A miserable couple of days for Irish women's rugby off and on the pitch

Ireland must recover after defeat to Spain at the 2021 World Cup Qualifier tournament.

Ireland were second best against Spain yesterday.
Ireland were second best against Spain yesterday.
Image: Matteo Ciambelli/INPHO

ON SUNDAY, WE learned more about the “unacceptable error” that meant Connacht Women had to get ready in a derelict area alongside bins and with rats seemingly in very close proximity at Energia Park before their inter-provincial clash with Ulster.

Rather understandably, the reports about those “changing facilities” gained just as much attention as the actual rugby in the final round of the inter-pro championship.

That was a huge pity because the rugby on show was once again very entertaining as Munster claimed the title against Leinster after Connacht and Ulster had battled it out in an absorbing 12-12 draw.

What should have been the afterglow of an excellent inter-pro series – which was broadcast to great acclaim by TG4 – was left in tatters as footage of Connacht’s changing set-up was shared widely on social media, with the IRFU and Leinster Rugby’s apology on Sunday failing to stunt the anger and disgust.

Given the resulting downbeat mood around Irish women’s rugby, things could have done with a lift yesterday evening as all eyes turned towards the start of the national team’s 2021 World Cup Qualifier tournament in Italy.

Instead, Ireland suffered a shock 8-7 defeat to Spain, who aren’t a Six Nations team but perhaps proved their case for inclusion in the top-tier European competition in the very near future.

The Spanish effort was superb but this was a low point for Adam Griggs’ Ireland side, who had been favourites to start their campaign with a win before moving on to face hosts Italy and Scotland. Griggs admitted that his team simply hadn’t turned up.

All is not lost for Ireland. Even if they don’t win this round-robin competition to advance straight into next year’s delayed World Cup in New Zealand, a second-place finish would give them one last shot at qualifying through the final repechage tournament which will also involve Samoa, Colombia, and an Asian team. 

the-ireland-team-huddle-after-the-game Ireland take on Italy this Sunday. Source: Matteo Ciambelli/INPHO

So there is still an obvious chance for Ireland to recover and avoid the frightening prospect of missing out on being at the World Cup next year.

Not being part of the flagship competition would be a huge setback for the women’s game in Ireland, as well as a failure to hit a headline IRFU target of finishing in the top six of this World Cup.

Italy – who are ranked one place ahead of Ireland in World Rugby’s official list at number seven – were impressive in their 38-13 win over Scotland yesterday and look certain to provide another severe test of the Irish quality this Sunday.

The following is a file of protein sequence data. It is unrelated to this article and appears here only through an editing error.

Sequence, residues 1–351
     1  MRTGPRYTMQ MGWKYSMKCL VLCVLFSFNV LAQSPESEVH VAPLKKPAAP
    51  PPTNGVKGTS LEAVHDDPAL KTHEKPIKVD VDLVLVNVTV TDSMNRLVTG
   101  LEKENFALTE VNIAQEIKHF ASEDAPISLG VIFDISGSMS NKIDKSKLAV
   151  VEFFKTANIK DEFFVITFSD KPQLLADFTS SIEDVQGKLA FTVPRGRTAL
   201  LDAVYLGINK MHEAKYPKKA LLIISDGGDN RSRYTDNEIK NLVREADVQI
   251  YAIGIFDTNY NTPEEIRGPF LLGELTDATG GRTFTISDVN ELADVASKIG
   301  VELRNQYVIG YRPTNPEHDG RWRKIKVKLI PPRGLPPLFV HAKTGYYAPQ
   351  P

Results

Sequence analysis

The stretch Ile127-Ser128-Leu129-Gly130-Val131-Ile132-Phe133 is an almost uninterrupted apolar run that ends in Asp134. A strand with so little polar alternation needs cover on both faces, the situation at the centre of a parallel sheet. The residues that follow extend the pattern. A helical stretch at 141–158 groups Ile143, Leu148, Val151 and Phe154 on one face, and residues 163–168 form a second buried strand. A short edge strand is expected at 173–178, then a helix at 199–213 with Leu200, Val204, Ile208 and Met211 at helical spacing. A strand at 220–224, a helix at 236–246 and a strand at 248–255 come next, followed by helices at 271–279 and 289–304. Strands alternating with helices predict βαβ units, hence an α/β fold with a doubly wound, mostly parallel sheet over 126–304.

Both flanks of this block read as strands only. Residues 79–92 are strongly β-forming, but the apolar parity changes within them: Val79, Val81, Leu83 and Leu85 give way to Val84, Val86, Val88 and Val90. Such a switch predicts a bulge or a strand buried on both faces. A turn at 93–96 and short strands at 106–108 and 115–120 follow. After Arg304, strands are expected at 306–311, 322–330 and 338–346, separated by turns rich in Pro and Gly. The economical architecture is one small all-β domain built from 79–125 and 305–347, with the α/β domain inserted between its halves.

The following Saturday, Ireland will take on Scotland – who are 11th in the world rankings – with every single point sure to be crucial in that game. 

Back home that same Saturday, 25 September, the new Women’s All-Ireland League season is set to get underway.

The clubs are naturally disappointed that the clash in scheduling means their international players won’t be available but the hope is that the domestic season will bring improved quality as Ballincollig and Wicklow make their debuts in the league.

Episodes like Connacht’s changing set-up last weekend justifiably make many within Irish women’s rugby feel like some of the people in power don’t care about the game enough for it to make consistent progress that is about more than hashtags on social media.

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Indeed, the concern over the fiasco at Energia Park meant Irish captain Ciara Griffin, understandably dejected after the defeat to Spain, last night fielded questions about what had happened back home.

sene-naoupu Ireland were shocked by Spain in Italy. Source: Matteo Ciambelli/INPHO

“We were here in Italy so I wasn’t there at the time,” said Griffin. “The IRFU released a statement that addresses it. It won’t be repeated again.”

The Ireland back row agreed that the footage was disappointing.

“Obviously it is disappointing because you put everything into the jersey to play for it. But the IRFU have put their hand up, you have to say that too, they haven’t hidden. They put their hand up and said they were wrong, said it wasn’t up to standard, it won’t happen again.

“It obviously wasn’t good enough it happened but it’s going to be rectified and won’t be repeated.”

Griffin and her team-mates in Italy will have their hands full in the coming days as they prepare for their chance to bounce back and while a victory on Sunday would be uplifting for Irish women’s rugby, it would seemingly only be papering over the cracks.

- originally published 6am, updated to appear on

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